It’s odd

It’s odd how there was always something to write about down in the rainforest. What’s blooming; what’s the river doing, etc. Here that doesn’t seem to be so, and so far it’s a struggle to keep the writing going. But I want to keep it going, so I guess I’ll just write what comes out. Many trees are blooming and getting new leaves, but I know very few of them. The unknown tree in the back yard is now fully re-leafed and is providing very nice shade as we move into the hot season. Erythrina sp. are blooming, as are the ceibas (both species). Actually they’re not blooming, but producing their cotton and seeds. Tropical cedar is ripening it’s seeds as well, and guanacastes are full of green seeds. Guanacaste trees are allowed to grow large and right out in the street, in many cases. For some reason they are not cut, it seems. Cochlospermum vitifolium is blooming too, one of my favorite early dry season trees. Ziricotes are blooming profusely, with their pleasant orange flowers. There is a Bombax elipticum tree down the street, with blooms similar to provision tree. It’s a new one for me. And just this morning, while walking China, I say a bay cedar with fruit. And many others, mostly shrubs, which I don’t know yet. Last Sunday at Dzibilchaltun, I saw a beautiful, striking purple flower, in clumps, growing on a vine. I’m guessing it might be a Thunbergia of some sort. On the way back, I pulled into the puebla of Xanacatan, to get out of the wind. The village sticks in my mind for it’s radish fields.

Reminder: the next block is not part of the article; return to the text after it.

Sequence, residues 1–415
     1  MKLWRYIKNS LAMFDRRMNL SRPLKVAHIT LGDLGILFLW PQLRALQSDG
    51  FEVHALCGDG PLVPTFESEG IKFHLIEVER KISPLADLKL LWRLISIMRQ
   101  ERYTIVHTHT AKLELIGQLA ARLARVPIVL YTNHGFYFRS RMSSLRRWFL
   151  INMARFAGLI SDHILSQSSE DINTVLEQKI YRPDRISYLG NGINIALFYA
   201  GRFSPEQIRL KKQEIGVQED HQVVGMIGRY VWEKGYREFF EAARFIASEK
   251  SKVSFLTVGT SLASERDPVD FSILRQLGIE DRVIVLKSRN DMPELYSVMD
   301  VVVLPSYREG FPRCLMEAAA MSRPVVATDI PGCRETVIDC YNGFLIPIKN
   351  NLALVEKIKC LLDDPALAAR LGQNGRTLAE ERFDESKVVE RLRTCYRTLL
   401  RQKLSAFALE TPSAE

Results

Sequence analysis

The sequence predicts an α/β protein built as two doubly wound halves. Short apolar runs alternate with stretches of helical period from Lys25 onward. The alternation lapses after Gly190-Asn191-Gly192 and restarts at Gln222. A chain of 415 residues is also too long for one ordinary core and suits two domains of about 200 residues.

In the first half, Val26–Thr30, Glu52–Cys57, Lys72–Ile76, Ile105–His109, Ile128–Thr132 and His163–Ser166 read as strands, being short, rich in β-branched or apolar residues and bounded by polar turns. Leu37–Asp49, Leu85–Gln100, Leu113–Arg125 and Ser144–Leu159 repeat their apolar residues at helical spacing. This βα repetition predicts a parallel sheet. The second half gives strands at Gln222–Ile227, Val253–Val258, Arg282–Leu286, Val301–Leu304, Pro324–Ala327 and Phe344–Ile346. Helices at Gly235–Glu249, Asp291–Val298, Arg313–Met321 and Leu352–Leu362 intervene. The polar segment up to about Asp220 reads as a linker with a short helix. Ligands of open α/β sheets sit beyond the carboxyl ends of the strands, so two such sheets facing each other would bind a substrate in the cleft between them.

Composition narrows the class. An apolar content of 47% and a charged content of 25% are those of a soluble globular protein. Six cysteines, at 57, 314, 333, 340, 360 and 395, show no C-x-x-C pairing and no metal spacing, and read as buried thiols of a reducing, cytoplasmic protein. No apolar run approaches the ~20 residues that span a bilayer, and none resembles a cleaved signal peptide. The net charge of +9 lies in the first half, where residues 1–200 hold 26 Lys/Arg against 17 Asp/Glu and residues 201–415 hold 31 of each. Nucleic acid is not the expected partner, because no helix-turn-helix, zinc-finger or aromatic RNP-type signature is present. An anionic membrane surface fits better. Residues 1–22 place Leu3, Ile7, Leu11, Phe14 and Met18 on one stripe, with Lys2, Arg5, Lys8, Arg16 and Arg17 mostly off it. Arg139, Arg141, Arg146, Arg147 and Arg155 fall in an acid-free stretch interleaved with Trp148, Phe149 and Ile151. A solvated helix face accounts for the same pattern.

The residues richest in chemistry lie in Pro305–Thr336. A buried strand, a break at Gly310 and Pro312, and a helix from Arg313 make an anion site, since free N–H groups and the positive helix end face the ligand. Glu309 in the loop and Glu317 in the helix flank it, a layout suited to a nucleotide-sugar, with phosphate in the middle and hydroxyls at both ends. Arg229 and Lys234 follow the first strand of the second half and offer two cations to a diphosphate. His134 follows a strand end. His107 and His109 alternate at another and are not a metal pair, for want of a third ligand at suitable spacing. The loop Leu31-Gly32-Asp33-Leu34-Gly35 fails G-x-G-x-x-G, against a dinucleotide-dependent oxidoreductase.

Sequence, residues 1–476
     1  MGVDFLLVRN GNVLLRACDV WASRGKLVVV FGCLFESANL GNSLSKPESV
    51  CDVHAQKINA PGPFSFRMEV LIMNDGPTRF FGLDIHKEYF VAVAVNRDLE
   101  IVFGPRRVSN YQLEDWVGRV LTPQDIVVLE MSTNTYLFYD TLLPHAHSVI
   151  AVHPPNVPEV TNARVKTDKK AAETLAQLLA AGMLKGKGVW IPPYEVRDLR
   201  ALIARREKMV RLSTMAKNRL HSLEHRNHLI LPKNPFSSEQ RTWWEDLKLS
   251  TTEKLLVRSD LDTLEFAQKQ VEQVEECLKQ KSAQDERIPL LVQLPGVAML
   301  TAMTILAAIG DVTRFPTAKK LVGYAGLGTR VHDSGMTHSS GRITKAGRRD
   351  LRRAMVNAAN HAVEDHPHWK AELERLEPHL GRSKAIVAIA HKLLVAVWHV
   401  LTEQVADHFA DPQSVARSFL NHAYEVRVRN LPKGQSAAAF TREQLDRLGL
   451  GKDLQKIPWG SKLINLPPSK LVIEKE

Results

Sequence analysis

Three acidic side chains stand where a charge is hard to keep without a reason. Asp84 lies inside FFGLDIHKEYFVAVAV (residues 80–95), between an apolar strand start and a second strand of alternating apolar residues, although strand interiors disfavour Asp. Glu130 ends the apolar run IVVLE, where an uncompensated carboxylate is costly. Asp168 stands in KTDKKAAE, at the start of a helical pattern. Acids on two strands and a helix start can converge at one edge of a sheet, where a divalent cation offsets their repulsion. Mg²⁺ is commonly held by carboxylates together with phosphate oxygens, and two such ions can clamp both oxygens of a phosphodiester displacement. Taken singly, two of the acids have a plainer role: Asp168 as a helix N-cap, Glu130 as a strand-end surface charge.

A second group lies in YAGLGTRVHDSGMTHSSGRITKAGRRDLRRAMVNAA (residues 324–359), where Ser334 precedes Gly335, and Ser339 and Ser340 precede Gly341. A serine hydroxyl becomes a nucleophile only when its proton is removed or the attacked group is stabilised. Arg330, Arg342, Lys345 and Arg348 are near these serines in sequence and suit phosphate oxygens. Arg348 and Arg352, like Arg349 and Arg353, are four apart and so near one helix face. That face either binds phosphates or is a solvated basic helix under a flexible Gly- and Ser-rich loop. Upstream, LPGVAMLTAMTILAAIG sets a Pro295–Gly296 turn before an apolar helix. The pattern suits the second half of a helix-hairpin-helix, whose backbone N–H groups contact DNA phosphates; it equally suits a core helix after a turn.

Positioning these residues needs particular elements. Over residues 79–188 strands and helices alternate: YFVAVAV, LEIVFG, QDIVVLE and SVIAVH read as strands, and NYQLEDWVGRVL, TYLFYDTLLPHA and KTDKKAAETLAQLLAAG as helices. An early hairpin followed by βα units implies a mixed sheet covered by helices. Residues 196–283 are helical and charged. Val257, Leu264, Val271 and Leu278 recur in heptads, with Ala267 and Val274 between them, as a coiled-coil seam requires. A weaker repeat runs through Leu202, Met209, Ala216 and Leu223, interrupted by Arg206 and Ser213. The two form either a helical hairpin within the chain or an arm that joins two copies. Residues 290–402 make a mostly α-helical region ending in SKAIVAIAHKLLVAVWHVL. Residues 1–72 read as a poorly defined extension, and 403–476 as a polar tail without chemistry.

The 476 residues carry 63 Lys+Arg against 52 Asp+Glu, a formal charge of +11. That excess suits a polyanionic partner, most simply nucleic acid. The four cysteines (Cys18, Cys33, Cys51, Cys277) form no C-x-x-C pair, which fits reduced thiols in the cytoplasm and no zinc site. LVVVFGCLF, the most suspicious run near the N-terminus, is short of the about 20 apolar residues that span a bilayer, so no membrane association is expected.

Pages 303 to 308 from volume 2 of Incidents of Travel in Yucatan by John L. Stephens:
Aké  (I should mention here, that J.P. Stephens ‘discovered’ Ake’ in the nineteenth century)